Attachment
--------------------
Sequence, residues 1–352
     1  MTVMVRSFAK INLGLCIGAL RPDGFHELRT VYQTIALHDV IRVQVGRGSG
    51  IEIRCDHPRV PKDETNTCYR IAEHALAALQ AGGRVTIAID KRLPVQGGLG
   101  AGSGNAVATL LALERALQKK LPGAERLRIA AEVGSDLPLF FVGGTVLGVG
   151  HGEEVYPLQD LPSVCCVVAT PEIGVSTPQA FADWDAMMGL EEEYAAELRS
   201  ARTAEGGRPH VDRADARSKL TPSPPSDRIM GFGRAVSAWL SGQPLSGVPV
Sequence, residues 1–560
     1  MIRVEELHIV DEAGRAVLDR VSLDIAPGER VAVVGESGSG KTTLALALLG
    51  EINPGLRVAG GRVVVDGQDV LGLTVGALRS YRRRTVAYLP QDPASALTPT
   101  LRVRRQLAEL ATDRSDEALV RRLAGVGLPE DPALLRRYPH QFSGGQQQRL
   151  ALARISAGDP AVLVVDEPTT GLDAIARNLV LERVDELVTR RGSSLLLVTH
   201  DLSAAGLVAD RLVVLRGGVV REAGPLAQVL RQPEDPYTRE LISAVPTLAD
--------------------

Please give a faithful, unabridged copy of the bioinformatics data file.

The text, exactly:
Sequence, residues 1–352
     1  MTVMVRSFAK INLGLCIGAL RPDGFHELRT VYQTIALHDV IRVQVGRGSG
    51  IEIRCDHPRV PKDETNTCYR IAEHALAALQ AGGRVTIAID KRLPVQGGLG
   101  AGSGNAVATL LALERALQKK LPGAERLRIA AEVGSDLPLF FVGGTVLGVG
   151  HGEEVYPLQD LPSVCCVVAT PEIGVSTPQA FADWDAMMGL EEEYAAELRS
   201  ARTAEGGRPH VDRADARSKL TPSPPSDRIM GFGRAVSAWL SGQPLSGVPV
Sequence, residues 1–560
     1  MIRVEELHIV DEAGRAVLDR VSLDIAPGER VAVVGESGSG KTTLALALLG
    51  EINPGLRVAG GRVVVDGQDV LGLTVGALRS YRRRTVAYLP QDPASALTPT
   101  LRVRRQLAEL ATDRSDEALV RRLAGVGLPE DPALLRRYPH QFSGGQQQRL
   151  ALARISAGDP AVLVVDEPTT GLDAIARNLV LERVDELVTR RGSSLLLVTH
   201  DLSAAGLVAD RLVVLRGGVV REAGPLAQVL RQPEDPYTRE LISAVPTLAD